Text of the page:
Tony Fall, founder of the UK Dealer Opel Team (DOT) operation, died of a suspected heart attack overnight on Saturday December 1st while in Tanzania officiating on the East African Safari Rally. He was 67.
His first job was a as a car salesman at Appleyards in his native Yorkshire. A talent for rallying soon developed and Tony had a distiguished career driving a number of different marques in UK and European events, including VW Beetles and Datsun 240Zs. But he is probably best remembered as a Works BMC pilot. Usually associated with Minis, his greatest success was winning the Danube Rally in the unwieldy Austin 1800 "land crab".
When DOT was established in 1970 by voluntary dealer contribution it commenced operations with an Ascona A rally car driven by Tony. In 1974 new premises in Tong Park, Yorkshire, were acquired and DOT became a commercial enterprise selling competition cars, converting road cars, supplying tuning and body kits as well as preparing and running the DOT team cars. For 1975 attention turned to the Kadett C GT/E coupe fitted with the 1.9 litre injected engine. The GT/E was homologated for International Group 4 competition and the black and yellow DOT “busy bee” driven by Tony Pond was soon a potent force in UK rallying. To increase sales, DOT converted a number of GT/Es to right hand drive with the help of Bradford University Engineering Department. The next iteration of the Kadett GT/E was a 2 litre injected model which was homologated for Group 1 and therefore became eligible for production car based classes and events. GHD502S, a DOT entered car driven by Brian Culcheth in a distinctive white and yellow livery, rapidly became something of a giant killer in the British International Rally Championship, winning its class on every round in 1978 and earning itself the nickname “Little Magic”.
On the race track the very effective Commodore GS/E models starred in production car racing with the DOT entry for Radio 1 DJ Noel Edmunds bringing huge publicity via his radio shows. In 1979 hot rod and rallycross ace Barry Lee joined DOT to give the team another dimension, while caravan racing and rallying had been tried with mixed fortunes a few years earlier!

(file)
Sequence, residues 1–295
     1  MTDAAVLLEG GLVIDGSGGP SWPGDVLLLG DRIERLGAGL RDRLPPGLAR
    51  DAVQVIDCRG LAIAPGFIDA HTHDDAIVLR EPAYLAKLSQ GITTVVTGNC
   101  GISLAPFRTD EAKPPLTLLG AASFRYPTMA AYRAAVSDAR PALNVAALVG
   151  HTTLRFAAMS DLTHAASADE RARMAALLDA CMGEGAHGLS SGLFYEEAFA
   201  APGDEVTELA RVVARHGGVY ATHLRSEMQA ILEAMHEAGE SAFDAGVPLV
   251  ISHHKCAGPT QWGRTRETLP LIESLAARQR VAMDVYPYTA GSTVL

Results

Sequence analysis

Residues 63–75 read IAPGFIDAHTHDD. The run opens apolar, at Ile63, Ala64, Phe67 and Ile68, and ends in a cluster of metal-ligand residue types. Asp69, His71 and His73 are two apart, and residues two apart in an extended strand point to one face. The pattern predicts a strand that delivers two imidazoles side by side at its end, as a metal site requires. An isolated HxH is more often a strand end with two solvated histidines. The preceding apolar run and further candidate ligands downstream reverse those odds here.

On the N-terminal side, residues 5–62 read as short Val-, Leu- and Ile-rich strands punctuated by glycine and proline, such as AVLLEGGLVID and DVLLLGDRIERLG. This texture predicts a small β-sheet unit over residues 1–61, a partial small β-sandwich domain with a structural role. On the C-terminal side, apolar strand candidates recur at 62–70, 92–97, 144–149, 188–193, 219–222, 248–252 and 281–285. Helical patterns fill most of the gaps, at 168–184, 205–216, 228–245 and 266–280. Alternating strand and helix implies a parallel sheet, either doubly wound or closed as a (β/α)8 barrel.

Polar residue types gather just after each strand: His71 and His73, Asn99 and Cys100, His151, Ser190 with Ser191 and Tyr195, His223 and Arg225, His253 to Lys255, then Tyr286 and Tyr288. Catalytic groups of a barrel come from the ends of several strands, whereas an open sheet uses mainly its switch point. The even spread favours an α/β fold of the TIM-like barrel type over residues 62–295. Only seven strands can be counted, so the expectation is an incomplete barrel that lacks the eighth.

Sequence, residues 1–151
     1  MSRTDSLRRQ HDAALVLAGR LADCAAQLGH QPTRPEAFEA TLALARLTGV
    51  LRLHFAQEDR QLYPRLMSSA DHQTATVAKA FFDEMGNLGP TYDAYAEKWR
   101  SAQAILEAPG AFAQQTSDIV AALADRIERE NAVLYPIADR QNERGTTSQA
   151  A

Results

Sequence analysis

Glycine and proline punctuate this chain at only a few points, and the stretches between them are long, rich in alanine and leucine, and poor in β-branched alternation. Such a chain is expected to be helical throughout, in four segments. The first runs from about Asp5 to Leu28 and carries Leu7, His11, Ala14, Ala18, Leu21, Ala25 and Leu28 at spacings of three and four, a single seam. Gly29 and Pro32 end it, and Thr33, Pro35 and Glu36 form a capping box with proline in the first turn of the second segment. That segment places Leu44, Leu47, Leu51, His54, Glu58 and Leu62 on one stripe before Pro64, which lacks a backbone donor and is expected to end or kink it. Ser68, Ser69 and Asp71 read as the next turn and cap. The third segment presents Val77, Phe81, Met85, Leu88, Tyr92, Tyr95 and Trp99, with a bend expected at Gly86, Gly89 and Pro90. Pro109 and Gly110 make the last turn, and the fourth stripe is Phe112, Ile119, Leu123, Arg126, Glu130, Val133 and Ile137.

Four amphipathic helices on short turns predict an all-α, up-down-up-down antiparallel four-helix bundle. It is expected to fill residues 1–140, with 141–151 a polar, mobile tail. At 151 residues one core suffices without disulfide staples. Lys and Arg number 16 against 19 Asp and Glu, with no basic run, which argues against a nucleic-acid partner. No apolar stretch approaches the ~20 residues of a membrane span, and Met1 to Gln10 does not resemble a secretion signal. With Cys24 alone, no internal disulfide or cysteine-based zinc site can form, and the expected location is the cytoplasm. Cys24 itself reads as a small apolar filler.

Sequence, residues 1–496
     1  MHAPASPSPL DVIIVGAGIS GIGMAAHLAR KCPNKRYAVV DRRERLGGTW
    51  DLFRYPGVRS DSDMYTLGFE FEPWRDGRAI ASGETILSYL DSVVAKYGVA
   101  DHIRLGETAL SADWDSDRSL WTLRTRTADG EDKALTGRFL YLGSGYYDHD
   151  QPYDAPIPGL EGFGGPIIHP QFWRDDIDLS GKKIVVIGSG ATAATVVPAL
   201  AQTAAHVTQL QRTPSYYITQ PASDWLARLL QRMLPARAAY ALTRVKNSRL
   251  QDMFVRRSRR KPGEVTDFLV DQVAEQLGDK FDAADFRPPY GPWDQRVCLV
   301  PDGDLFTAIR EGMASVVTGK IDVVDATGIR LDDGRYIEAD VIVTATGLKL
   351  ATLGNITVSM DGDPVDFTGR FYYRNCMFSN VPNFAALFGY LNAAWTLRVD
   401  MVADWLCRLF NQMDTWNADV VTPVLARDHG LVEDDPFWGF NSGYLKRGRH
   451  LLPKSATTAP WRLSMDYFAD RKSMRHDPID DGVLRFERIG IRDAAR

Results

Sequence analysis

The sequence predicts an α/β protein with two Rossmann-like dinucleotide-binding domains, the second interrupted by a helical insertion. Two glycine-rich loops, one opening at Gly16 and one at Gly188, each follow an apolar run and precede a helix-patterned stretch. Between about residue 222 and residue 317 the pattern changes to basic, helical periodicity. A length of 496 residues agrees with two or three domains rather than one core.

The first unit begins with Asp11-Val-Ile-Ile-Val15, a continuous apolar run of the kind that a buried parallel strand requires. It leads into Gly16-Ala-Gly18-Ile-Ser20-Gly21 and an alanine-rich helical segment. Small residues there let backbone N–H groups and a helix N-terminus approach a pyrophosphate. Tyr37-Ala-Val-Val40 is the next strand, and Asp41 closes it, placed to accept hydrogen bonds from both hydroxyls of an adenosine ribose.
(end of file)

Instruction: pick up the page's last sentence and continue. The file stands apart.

Back in the forests, something big was stirring. In 1977 Tony left DOT to head a new Opel Motorsports Department in Rüsselsheim, Germany. For the coming season the use of special cylinder heads for International Group 2 homologation was banned (the rule that tripped Vauxhall up with the HS Chevette), so Opel needed to find, or create, a car with an advanced head design. The result was the Ascona 400, the name signifying the number that had to be built for homologation. Its twin overhead cam, 16 valve engine had first appeared as a display unit at the 1975 Frankfurt Show and it now came into its own when enlarged to 2.4 litres, with help from UK engine specialists Cosworth, and fitted to a specially modified Ascona.
In a parallel development, Opel Motorsports established the Kadett C /GTE as the rally car of choice for privateers in European rallying. While British forests thrilled to the rasp of an Escort twin-cam, in continental Europe the Kadett was king.
After leaving Opel, Tony went on to acquire the UK company Safety Devices, a leading name in roll over bar and safety cage manufacturing. He maintained a keen interest in motorsport via various MSA committees and the occassional outing in his Datsun 240Z, most recently at Goodwood this year.